In this equation, the viewer’s inclination to buy content is crucial. “The ones who will pay will probably be those who are already bored and irritated that the more or less free-of-charge media no longer brings them the necessary information or not enough for their development needs,” Vicentiu Neacsu, group account director at Optimedia, tells BR.

Alecu does not believe consumers’ education should play an important role in the buying decision, but whether the content meets the need. “I am convinced that, for instance, to obtain accurate and relevant information about a World Soccer Championship, fans will pay for content, of course if it is not available free of charge via other distribution channels. So, we always have supply and demand. While the content has a price tag, the demand will determine the closing of the deal or not,” he says.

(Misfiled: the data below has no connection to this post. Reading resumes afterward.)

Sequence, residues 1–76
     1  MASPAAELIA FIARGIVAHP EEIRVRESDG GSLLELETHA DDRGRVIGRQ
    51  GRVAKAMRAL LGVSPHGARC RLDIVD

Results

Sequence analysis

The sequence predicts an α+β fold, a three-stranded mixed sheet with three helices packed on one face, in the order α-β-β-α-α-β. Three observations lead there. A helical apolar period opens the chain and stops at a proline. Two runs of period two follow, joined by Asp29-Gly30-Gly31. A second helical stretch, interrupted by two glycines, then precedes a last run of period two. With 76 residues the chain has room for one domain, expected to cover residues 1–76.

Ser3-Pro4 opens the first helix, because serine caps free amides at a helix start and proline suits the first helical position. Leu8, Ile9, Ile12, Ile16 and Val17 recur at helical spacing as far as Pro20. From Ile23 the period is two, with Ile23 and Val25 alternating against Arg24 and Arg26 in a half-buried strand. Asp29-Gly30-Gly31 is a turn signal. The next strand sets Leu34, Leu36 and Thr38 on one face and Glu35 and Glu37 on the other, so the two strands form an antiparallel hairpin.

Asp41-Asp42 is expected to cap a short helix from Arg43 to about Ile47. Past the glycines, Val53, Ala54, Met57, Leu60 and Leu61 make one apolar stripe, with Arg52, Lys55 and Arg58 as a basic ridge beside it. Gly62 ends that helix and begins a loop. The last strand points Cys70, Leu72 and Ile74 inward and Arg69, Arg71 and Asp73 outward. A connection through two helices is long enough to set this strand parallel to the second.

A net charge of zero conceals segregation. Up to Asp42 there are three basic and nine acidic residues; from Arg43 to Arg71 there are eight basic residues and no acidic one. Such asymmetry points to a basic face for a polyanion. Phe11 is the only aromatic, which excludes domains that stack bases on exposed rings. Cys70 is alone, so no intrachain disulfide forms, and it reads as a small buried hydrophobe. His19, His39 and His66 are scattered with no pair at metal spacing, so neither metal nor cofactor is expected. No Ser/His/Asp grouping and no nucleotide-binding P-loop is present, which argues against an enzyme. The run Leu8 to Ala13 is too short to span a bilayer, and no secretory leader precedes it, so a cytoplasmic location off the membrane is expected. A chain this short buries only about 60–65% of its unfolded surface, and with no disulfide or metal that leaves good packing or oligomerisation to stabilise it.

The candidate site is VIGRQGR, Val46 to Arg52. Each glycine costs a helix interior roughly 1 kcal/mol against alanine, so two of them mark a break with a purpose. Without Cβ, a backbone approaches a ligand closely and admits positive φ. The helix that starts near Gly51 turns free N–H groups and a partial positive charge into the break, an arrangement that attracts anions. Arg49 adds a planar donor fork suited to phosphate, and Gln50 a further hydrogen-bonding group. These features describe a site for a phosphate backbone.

Content changes the cable industry

Meanwhile, cable operators, as content distributors, may be driven to alter their business model, either by becoming content providers themselves or by focusing on making content available on as many platforms as possible.

“The phenomenon appeared on the TV market in Romania several years ago and mainly involves sports, music and news content,” Belenes told BR. “To produce significant differentiation, the content must satisfy at least two sine qua non conditions: to be exclusive and appeal to the audience a great deal,” he said.

Cable operators like Romtelecom and RCS&RDS are already promoting their own TV content – Romtelecom through sports channel Dolce Sport and RCS&RDS via news station Digi24 and lifestyle channels such as Digi Life and Digi World.

The company is also planning to launch an online content video platform, and a further announcement on this topic should be made soon.